We also visited the piggery started by the youth in the congregation and the passion fruit project that the disabled ministry has begun. They have also started work on a chicken coop to house poultry in the near future. Again, we LOVE the work being done by many members of this congregation to become self-sustaining.
We headed back to the Sunset Hotel after that, hot, dirty, and honored that we got to spend this day in this way. Andy, Todd, Crystal, and I appreciate your support and your prayers. We know there is much work to be done and thank our families for the opportunity to be here!
Today, we head back to Nakabango to deliver 140 sponsorship packets. I expect nothing but organized chaos and lots of smiles!
The soccer team looking sharp - thank you, Lou Fusz and Messiah!
Patricia has a new baby brother! The piggery in Nakabango.
Our First Day in Uganda
First - the great news; Andy is well again and arrived at the Sunset Hotel around 1:30 this morning. Thank you, God, for giving him good health and safe travels!
Our first day began later than we expected – which is to be expected! Last night (early this morning) we agreed to leave the Hotel Africana at 10:00. At 11:30, we still had no bus and no Henry. A few minutes later, Henry arrived, apologizing profusely. It seems he had stopped by the bank to get some of our trip funds withdrawn and was told the bank had no money. This was a bigger shock to us than it was to Henry. He simply went to another branch and withdrew the funds.
We traveled to Jinja, stopping by the Hearts and Hope office to pick up 1 of the 5 boxes of candy we had asked our staff to purchase. Over 5,000 pieces!
We arrived in the village of Kaiangoga around 2:00 to the sounds of happy voices. Almost 200 students attend this extremely-dilapidated school; thankfully, the new headmaster seems to have the skills necessary to run the school well. We will be so grateful to find a partner congregation for this village of joyful, hardworking people!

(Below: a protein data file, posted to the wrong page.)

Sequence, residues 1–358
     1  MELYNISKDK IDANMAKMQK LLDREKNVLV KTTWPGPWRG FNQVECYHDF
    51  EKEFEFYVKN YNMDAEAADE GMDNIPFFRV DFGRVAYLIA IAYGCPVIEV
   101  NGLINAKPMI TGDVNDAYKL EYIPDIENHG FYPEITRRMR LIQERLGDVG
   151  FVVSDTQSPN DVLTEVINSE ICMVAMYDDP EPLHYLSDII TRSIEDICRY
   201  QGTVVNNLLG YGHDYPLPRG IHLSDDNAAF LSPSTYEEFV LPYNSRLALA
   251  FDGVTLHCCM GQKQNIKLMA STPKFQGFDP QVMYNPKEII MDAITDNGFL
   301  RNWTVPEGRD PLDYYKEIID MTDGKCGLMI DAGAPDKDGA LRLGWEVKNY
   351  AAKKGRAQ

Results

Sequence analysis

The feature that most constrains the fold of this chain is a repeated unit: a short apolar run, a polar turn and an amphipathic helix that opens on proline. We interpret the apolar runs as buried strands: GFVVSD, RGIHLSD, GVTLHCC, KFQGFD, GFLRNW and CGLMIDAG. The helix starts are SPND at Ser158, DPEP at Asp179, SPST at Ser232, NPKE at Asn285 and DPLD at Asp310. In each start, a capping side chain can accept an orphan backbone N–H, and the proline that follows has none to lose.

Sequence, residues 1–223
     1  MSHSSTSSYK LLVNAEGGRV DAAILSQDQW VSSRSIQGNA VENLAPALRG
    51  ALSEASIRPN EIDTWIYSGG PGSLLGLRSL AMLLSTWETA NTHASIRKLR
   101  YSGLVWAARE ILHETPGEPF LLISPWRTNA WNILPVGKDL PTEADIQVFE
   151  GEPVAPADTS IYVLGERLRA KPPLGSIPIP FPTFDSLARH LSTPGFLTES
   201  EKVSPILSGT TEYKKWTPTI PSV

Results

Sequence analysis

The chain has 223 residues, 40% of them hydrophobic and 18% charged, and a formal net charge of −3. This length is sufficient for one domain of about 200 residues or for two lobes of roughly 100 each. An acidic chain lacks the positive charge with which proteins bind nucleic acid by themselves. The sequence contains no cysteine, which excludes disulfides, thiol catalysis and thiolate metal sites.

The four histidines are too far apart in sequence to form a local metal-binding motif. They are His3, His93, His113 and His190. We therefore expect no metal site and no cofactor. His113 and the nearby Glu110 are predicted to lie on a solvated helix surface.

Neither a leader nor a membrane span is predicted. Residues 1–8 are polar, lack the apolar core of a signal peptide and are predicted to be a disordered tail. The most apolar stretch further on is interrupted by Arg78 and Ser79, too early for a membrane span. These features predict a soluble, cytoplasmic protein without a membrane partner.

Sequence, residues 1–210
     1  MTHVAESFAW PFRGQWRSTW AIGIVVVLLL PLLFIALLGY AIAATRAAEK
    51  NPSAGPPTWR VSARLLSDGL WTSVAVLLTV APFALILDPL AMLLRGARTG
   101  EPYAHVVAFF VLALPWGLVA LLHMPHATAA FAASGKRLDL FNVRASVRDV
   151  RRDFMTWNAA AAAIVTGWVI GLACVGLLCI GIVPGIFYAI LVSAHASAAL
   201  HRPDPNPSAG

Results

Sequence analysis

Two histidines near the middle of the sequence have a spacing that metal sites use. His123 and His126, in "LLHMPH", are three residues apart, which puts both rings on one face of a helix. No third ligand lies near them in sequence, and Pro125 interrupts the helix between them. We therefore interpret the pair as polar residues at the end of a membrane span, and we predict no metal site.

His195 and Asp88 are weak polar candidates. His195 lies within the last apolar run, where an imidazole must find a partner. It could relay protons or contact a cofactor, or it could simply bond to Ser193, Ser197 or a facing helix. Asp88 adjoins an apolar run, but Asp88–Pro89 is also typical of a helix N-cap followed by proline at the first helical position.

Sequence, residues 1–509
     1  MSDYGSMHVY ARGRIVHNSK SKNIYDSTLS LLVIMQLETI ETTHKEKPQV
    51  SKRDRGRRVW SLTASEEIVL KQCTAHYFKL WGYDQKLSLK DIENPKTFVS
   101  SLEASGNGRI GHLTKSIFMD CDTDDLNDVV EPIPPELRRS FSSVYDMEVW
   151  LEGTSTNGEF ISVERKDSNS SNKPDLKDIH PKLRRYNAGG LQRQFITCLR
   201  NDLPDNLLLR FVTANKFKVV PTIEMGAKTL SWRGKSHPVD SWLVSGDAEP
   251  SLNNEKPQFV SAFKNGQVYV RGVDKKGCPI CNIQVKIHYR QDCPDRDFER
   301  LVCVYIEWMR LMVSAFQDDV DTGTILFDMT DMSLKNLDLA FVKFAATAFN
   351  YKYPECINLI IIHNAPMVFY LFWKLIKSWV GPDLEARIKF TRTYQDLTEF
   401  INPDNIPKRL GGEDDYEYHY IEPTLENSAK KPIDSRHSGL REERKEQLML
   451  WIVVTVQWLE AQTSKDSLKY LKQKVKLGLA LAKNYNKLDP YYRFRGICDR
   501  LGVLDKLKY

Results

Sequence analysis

We enjoyed a song/dance/drama program by the kids and then had the chance to hand out packets to the sponsored children. Smiles all around! We did a couple of projects with the kids and the women and then enjoyed lunch outside the school office.
Our "lunch" was around 5:00pm so we watched dozens of kids making the trip to the well in Kainagoga. Amazing to see how much use this well gets! Thankful to our donors for making this happen a couple of years back.
We also had the chance to dedicate and "initiate" the new latrine! No pictures available.....
We had a wonderful dinner - in the dark! It rained and the power immediately went out. Todd came to the rescue with a flashlight (see? there is a reason we put this on the packing list, teams!) Power was restored about 30 minutes later and we enjoyed a great evening with the Hearts and Hope staff.
Today, we are dividing into separate groups. Todd and Andy are meeting with the architect of the new secondary school while Crystal and I are heading out to see Betty at her school here in Uganda, visiting a secondary school in the area, and then making some home visits in the Kainagoga area.
We are grateful for the well wishes and prayers! We are indeed blessed to be a part of this work!
Twelve bags, mostly sponsorship packets, are packed and ready to go! Almost 350 packets are heading to Kamuli, Nakabango, Kainagoga, and Butangala. That's a lot of smiles! Thank you to the many sponsors who brought or mailed in a special message and treat for your sponsored student.
The leadership team of four will leave Wednesday afternoon and arrive in Uganda late Thursday evening (mid-afternoon here in St. Louis.) We are looking forward to visiting all of the Hearts and Hope schools, meeting with village leaders, delivering packets, and spending lots and lots of time with the kids.
Your prayers for safe travel and for our families are appreciated! Watch this blog for updates of what is happening during our time in Uganda!
Hearts & Hope is a nonprofit organization focused on unlocking the potential of people in Uganda through relationships with people in the US.